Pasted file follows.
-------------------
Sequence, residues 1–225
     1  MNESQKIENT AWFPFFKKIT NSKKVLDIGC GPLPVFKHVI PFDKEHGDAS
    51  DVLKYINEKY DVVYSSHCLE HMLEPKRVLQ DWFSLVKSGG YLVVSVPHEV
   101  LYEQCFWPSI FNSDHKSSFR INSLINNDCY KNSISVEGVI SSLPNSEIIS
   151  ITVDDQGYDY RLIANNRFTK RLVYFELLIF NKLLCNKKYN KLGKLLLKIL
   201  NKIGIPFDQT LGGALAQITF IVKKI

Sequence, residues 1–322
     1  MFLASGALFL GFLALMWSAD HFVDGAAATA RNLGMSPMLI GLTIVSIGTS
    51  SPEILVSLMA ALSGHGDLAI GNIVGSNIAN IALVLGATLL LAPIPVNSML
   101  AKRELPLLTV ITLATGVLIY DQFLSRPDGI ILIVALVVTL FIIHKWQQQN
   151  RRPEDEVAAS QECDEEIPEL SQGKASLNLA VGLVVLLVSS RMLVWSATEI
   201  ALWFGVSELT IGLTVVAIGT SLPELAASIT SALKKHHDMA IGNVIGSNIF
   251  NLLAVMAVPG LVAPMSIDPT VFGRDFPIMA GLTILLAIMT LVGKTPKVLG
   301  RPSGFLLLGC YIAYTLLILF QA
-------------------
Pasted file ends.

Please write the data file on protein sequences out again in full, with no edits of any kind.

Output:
Sequence, residues 1–225
     1  MNESQKIENT AWFPFFKKIT NSKKVLDIGC GPLPVFKHVI PFDKEHGDAS
    51  DVLKYINEKY DVVYSSHCLE HMLEPKRVLQ DWFSLVKSGG YLVVSVPHEV
   101  LYEQCFWPSI FNSDHKSSFR INSLINNDCY KNSISVEGVI SSLPNSEIIS
   151  ITVDDQGYDY RLIANNRFTK RLVYFELLIF NKLLCNKKYN KLGKLLLKIL
   201  NKIGIPFDQT LGGALAQITF IVKKI

Sequence, residues 1–322
     1  MFLASGALFL GFLALMWSAD HFVDGAAATA RNLGMSPMLI GLTIVSIGTS
    51  SPEILVSLMA ALSGHGDLAI GNIVGSNIAN IALVLGATLL LAPIPVNSML
   101  AKRELPLLTV ITLATGVLIY DQFLSRPDGI ILIVALVVTL FIIHKWQQQN
   151  RRPEDEVAAS QECDEEIPEL SQGKASLNLA VGLVVLLVSS RMLVWSATEI
   201  ALWFGVSELT IGLTVVAIGT SLPELAASIT SALKKHHDMA IGNVIGSNIF
   251  NLLAVMAVPG LVAPMSIDPT VFGRDFPIMA GLTILLAIMT LVGKTPKVLG
   301  RPSGFLLLGC YIAYTLLILF QA